Review of Gem Dealer

Review Summary
Comped Playtest Review
Written Review

February 18, 2009


by: Shannon Appelcline


Style: 4 (Classy & Well Done)
Substance: 4 (Meaty)

A simple auction games that plays as a light and quick filler.

Shannon Appelcline has written 681 reviews (including 203 card game reviews), with average style of 4.03 and average substance of 3.85. The reviewer's previous review was of Sutter's Mill.

This review has been read 4514 times.

 
Product Summary
Name: Gem Dealer
Publisher: Gryphon Games
Line: Gryphon Games Bookshelf
Author: Reiner Knizia
Category: Card Game

Cost: $24.95
Year: 2009



Review of Gem Dealer
Gem Dealer is a simple auction game by Reiner Knizia, published by Gryphon Games.

Players: 3-5
Playing Time: 15-30 minutes

The Components

Gem Dealer is a card game with some extra bits.

The Cards: A set of 96 cards. Each depicts a gem in a specific color (red, blue, purple, green, clear, or wild) with a specific value (2, 3, 4, 5, or 7 for the normal gems; or 7 or 10 for the wild gems). The artwork on the cards is attractive, though it's the same on all the cards (other than color changes). The blue gem is a bit too purplish, which sometimes causes problems the first time you see one, but that's the only minor complaint on the components.

The cards are all medium to heavy weight with linen texturing.

The Gems: These 25 gems (5 in each of the colors) are attractive little acrylic bits. They're actually regularly shaped, but I find that everyone who looks at the game thinks they're not. They're also the beautiful highlight of the game bits.

Overall Gem Dealer is a pretty game. It earns a "4" out of "5" for Style.

The Gameplay

The object of Gem Dealer is to collect gems in four of the five colors.

Setup: Each player is dealt a hand of five cards (other than the starting player who only gets four).

Starting an Auction: In order to win a gem of a specific color, you must start an auction in that color by playing one or more cards in the color.

Following the Bid: Each player thereafter either plays cards in the specified color of total value higher than the previous bid or else passes, dropping out of the auction entirely. If you pass, you turn in your cards played: they're lost.

Playing Secret Bids. Once per auction you can play one or more cards face down. It doesn't matter what color or number they are; instead they just are worth 1 each toward the total value of your bid.

Playing Wild Cards. The "7" and "10" wild cards can be played as a part of any auction. The "10" has two restrictions. First, you may only play one "10" per auction. Second, if a player playing the "10" loses the auction he must then give up a gem (if he has one). Gaining Cards: Whenever you play card(s) or initially pass, you get to draw one new card for your hand.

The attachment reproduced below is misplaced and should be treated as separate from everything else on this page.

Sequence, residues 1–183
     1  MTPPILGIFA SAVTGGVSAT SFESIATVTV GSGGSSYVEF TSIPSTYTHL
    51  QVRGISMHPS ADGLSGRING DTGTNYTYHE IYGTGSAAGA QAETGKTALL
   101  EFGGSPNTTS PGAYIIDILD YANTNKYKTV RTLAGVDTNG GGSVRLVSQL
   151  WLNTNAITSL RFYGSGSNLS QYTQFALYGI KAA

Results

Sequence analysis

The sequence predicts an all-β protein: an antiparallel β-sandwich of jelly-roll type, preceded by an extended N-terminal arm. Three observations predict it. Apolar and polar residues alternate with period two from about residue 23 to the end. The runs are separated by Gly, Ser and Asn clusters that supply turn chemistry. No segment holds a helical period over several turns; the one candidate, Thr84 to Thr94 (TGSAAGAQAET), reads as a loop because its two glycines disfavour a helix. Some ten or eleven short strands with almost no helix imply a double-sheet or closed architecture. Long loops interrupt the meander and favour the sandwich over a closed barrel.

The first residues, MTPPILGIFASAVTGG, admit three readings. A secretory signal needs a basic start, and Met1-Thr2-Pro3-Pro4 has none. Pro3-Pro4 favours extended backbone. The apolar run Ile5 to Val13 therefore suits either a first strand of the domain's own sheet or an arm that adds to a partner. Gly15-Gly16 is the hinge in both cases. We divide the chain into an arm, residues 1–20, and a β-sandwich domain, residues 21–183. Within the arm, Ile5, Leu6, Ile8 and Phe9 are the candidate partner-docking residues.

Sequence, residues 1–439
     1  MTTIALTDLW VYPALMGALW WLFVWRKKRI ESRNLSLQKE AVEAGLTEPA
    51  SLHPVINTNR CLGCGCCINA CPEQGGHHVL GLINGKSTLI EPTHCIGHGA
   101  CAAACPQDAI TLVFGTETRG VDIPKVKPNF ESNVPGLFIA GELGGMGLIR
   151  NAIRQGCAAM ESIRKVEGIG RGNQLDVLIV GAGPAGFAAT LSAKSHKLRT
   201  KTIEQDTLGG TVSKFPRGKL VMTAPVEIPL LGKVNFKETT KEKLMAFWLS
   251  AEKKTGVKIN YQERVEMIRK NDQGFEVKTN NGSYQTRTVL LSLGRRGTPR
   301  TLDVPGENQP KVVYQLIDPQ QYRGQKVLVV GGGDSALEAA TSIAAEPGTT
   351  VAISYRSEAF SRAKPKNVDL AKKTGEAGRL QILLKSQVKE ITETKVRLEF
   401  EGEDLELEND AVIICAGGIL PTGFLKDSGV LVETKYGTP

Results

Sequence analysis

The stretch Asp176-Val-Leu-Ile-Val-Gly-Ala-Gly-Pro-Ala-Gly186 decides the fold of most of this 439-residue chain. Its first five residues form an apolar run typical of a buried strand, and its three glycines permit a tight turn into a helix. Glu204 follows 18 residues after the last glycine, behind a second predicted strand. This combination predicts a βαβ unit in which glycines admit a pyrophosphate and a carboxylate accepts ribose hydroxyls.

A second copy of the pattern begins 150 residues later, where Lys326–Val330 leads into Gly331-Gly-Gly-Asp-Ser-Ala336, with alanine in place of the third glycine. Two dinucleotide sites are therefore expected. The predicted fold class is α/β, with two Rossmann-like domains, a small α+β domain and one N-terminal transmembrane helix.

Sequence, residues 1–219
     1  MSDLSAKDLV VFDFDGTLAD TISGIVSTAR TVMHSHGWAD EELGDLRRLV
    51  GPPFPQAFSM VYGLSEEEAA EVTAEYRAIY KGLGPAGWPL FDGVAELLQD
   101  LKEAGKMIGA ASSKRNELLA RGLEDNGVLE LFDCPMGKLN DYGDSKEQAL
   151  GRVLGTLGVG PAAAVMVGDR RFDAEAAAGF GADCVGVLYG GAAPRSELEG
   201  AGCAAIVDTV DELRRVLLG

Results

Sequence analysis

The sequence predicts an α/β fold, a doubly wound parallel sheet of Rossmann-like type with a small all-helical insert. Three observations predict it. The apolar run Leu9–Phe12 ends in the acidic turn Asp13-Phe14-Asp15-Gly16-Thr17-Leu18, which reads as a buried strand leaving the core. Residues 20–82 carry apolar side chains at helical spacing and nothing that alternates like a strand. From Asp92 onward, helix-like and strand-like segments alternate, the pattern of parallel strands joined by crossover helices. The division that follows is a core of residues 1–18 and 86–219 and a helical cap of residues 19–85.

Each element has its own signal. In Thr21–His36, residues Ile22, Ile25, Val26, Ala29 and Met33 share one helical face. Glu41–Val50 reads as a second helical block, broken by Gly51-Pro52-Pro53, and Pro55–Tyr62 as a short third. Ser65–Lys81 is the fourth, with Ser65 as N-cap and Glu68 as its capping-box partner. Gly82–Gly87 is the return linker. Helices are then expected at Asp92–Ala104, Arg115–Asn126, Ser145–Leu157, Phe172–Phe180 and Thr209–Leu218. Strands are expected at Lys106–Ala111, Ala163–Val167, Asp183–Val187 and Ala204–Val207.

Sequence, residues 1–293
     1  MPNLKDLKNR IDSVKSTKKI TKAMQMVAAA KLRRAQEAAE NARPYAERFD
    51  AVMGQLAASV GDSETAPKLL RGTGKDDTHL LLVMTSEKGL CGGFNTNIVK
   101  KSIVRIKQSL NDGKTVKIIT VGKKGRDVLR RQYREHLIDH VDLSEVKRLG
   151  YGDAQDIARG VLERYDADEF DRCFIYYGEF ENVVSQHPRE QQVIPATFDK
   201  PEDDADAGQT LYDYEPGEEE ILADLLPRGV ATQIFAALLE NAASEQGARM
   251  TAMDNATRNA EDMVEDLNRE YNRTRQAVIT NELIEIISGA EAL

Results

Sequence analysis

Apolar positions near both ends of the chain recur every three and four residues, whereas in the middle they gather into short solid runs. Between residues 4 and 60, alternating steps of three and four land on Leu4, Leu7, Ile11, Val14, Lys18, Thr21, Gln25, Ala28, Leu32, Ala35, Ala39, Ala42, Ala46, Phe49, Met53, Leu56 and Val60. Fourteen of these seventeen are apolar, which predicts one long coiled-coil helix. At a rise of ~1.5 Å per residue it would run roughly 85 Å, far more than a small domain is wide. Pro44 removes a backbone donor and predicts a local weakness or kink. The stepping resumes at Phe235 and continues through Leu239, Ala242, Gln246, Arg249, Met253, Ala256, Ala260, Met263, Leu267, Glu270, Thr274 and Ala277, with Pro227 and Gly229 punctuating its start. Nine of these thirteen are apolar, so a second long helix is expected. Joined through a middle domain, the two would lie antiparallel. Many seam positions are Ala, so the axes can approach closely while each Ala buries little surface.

Winning the Bid: When there's only one player left, he wins the auction. He takes a gem of the appropriate color (if he doesn't already have one) and then gets to start the next auction.

Winning the Game: When a player has 4 of the 5 gem colors, he wins.

Relations to Other Games

Gem Dealer is a redevelopment of the 1993 German game, Attacke. Other than components and theming, the two games seem to be largely identical, except the fact that the secret bid rules were listed as optional in the original game. Attacke has never been available on the American market, though a more complex redevelopment called Ivanhoe is. Unlike Gem Dealer, Ivanhoe has special action cards and varies the values of the different suits.

This is one of Knizia's many auction games. It's simpler than most of the rest, but may vaguely remind players of other auction games where everyone loses everything they bid, of which Taj Mahal is the most notable.

Gem Dealer is part of Grypon Games' "bookshelf series" of games, all of which are high-quality and quick fillers. (And all of which are numbered.) The other four games in this series released simultaneously with Gem Dealer are Roll Through the Ages, Knizia's High Society, For Sale, and Knizia's Money. This is, I think, the lightest of the five games published to date.

The Game Design

Gem Dealer is a very simple game. I thought it might be too simple at first, but all three groups of people that I've played it with have enjoyed it quite a bit, so on sum it's probably the right (light) weight for its (short) time.

The game's got two important decision points: what color to bid on; and whether to stay in an auction. They're both pretty important. The first one requires you to think about how an auction might benefit you and other players (and whether other players might be strong on the color in question or not). The second is a constant game of brinkmanship, as you have to decide when to spend your cards.

There's a considerable amount of luck in the game, particularly with the distribution of the six wild cards. It's probably appropriate for a game of this weight, but you should be warned of it if you're luck prone.

After consideration I decided that Gem Dealer was a strong game for its length and weight, and thus let it eke in an above average "4" out of "5" for Substance.

Conclusion

Gem Dealer is a very light auction game that forces you to balance card management and the brinkmanship of whether to get into a bidding war or not. It's a nice game as a filler.

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